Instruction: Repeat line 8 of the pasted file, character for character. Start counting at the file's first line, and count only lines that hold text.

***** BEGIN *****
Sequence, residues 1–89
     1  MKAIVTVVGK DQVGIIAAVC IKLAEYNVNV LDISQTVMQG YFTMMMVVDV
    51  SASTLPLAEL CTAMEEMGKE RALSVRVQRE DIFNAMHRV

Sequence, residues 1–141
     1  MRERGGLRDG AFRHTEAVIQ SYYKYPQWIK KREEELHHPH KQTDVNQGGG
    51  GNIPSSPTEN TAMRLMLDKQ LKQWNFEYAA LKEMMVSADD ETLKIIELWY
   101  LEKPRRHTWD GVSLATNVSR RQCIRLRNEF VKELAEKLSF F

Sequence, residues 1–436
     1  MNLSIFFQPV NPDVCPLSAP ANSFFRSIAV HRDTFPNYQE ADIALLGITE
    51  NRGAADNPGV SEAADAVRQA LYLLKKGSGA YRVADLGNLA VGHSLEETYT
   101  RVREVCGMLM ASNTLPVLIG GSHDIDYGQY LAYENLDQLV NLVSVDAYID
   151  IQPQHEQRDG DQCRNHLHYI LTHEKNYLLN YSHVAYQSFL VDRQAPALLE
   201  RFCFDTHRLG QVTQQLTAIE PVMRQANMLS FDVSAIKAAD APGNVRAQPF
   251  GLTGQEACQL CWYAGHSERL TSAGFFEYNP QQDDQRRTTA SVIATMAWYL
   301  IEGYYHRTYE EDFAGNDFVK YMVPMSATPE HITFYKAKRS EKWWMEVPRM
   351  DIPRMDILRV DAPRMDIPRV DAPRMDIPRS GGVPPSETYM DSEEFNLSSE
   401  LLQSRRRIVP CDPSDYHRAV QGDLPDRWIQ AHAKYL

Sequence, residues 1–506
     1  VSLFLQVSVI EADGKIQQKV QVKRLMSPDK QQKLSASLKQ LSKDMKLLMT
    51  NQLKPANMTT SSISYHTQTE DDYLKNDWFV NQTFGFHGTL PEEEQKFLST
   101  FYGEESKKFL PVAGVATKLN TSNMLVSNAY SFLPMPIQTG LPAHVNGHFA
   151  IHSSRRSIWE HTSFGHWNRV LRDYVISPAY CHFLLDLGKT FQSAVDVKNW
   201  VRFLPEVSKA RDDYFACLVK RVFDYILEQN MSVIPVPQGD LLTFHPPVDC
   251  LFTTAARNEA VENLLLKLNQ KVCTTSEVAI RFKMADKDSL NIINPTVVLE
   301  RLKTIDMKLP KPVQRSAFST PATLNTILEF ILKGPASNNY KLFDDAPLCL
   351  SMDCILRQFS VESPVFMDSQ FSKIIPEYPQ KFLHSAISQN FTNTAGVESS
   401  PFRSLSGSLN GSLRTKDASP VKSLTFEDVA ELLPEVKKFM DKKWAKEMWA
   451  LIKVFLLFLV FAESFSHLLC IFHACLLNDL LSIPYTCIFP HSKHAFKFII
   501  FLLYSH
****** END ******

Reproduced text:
Sequence, residues 1–436